Three scenarios in assessing the potential recovery trajectory were considered, using the following assumptions.

Current scenario:

  • It assumes effective vaccine distribution and adoption in emerging and developing countries in 2022.
  • The scenario takes into account the impact of Omicron in Q1 2022.
  • This projection assumes growing consumer confidence in the resumption of travel in 2022, high but controlled inflation, and a limited chance for recession.
  • It presumes a reasonable airline fleet recovery and ongoing relaxation of international travel restrictions.
  • It assumes also that the supply cannot fully satisfy the demand for air travel.
  • It posits that additional infection waves are possible in 2022 but they would be either contained and limited to specific regions or have less impact on air travel demand as the world is increasingly learning to “live with COVID-19.”

Optimistic scenario:

  • It assumes effective vaccine distribution and adoption in emerging and developing countries in 2022.
  • This scenario also assumes growing consumer confidence in the resumption of travel in 2022, that inflation will remain under control with minimal impact of an economic downturn on aviation.
  • It also assumes a reasonable airline fleet recovery and ongoing relaxation of international travel restrictions.
  • It assumes that the supply will satisfy most of the demand for air travel.
  • It posits that additional infection waves are possible in 2022 but they would be either contained and limited to specific regions or have less impact on air travel demand as the world is increasingly learning to “live with COVID-19.”

Pessimistic scenario:

  • This scenario considers still limited vaccine access, especially in many emerging and developing countries.
  • It assumes that the fear of travelling, testing and quarantine requirements are present or reimposed among passengers in certain markets, that economic weakness is exacerbated with a substantial risk of recession, and that airline fleet recovery is slow.
  • It presumes also that supply won’t be able to satisfy a significant portion of the demand for air travel.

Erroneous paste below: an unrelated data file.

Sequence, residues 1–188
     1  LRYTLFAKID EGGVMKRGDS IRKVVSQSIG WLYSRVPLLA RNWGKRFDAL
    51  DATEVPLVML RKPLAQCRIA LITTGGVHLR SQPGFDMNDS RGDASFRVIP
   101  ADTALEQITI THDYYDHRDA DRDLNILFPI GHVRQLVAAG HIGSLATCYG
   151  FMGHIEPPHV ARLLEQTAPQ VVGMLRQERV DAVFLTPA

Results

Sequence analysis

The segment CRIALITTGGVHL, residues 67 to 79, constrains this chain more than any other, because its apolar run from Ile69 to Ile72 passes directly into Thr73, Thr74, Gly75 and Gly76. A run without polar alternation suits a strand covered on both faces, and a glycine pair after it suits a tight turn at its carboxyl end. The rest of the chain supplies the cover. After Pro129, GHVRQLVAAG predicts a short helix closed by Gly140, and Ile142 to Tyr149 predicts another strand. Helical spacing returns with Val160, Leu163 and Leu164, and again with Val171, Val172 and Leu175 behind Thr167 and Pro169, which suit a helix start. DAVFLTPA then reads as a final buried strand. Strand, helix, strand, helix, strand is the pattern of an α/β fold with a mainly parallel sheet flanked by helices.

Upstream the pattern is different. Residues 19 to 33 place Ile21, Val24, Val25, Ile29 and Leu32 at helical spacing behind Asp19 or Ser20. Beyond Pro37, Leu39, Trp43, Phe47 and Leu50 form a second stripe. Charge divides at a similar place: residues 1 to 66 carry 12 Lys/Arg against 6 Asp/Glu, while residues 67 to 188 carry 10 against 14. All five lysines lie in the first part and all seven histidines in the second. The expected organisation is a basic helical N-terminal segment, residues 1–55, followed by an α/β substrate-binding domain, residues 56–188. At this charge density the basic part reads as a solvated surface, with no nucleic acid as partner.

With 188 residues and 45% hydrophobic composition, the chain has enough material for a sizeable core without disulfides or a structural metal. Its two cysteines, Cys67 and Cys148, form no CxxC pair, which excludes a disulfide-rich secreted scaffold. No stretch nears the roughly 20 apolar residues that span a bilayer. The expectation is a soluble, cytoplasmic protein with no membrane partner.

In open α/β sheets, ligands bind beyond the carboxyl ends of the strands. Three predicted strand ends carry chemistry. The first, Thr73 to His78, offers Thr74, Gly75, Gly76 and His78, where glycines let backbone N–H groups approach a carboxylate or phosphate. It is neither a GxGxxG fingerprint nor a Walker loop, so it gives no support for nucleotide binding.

• It posits that additional waves of infections are likely and could spread to multiple regions, and difficulties would exist in containing the spread of new variants. New waves of infection would affect both vaccinated and unvaccinated populations.

Chart 2: Medium-term global passenger traffic projection (indexed, 2019 = 100)

* The pre-COVID-19 forecast scenario is based on a standard time-series forecast generated using the most up-to-date and complete historical data to December 2019. It also makes use of an adjusted World Airport Traffic Forecasts (WATF) 2019–2040 and considers the latest insights provided by ACI Regional offices and other inputs.
** Estimated passenger traffic volume scenarios (current projection and optimistic/pessimistic scenarios) are based on a broad range of inputs provided by ACI Regional offices and industry experts.
Source: ACI World, 2022

Under those assumptions, ACI World forecasts the following regarding the recovery of airport passenger traffic:

  • Under the current projection, accounting for the slower than expected first quarter of 2022 due to the Omicron wave, global passenger traffic is expected to reach 2019 levels in late 2023 with the full-year recovery to 2019 levels in 2024. The overall recovery will mainly be driven by the recovery of domestic passenger traffic but will be hampered by the recovery stagnation in Asia-Pacific and a slower recovery in global international travel (globally, domestic traffic accounted for 58% of total passenger traffic in 2019).
  • Global domestic passenger traffic is still expected to reach 2019 levels in late 2023 with full-year 2023 traffic at par with 2019 levels. However, global international passenger traffic will require almost one more year to recover and will reach 2019 levels only by the second half of 2024. Full-year recovery to 2019 levels will only happen in 2025 for international passenger traffic.
  • At the country-market level, markets having significant domestic traffic are expected to recover to pre-COVID-19 levels in mid-2023 to late-2023. Markets with significant shares of international traffic are unlikely to return to 2019 levels until 2024, some having even to wait until 2025. Due to the uneven availability of vaccines, geopolitical conflict and the resulting humanitarian crisis as well as the worsening economic outlook, some country-markets—especially emerging and developing economies—will probably not reach 2019 passenger levels before 2025 or 2026, especially those markets reliant on international traffic.

About ACI World

Airports Council International (ACI), the trade association of the world’s airports, was founded in 1991 with the objective of fostering cooperation among its member airports and other partners in world aviation, including the International Civil Aviation Organization, the International Air Transport Association, and the Civil Air Navigation Services Organization. In representing the best interests of airports during key phases of policy development, ACI makes a significant contribution toward ensuring a global air transport system that is safe, secure, efficient, and environmentally sustainable. As of January 2022, ACI serves 717 members, operating 1950 airports in 185 countries.


[1] International Monetary Fund. World Economic Outlook Update. War Sets Back the Global Recovery. April 2022

[2] International Monetary Fund. World Economic Outlook Update. War Sets Back the Global Recovery. April 2022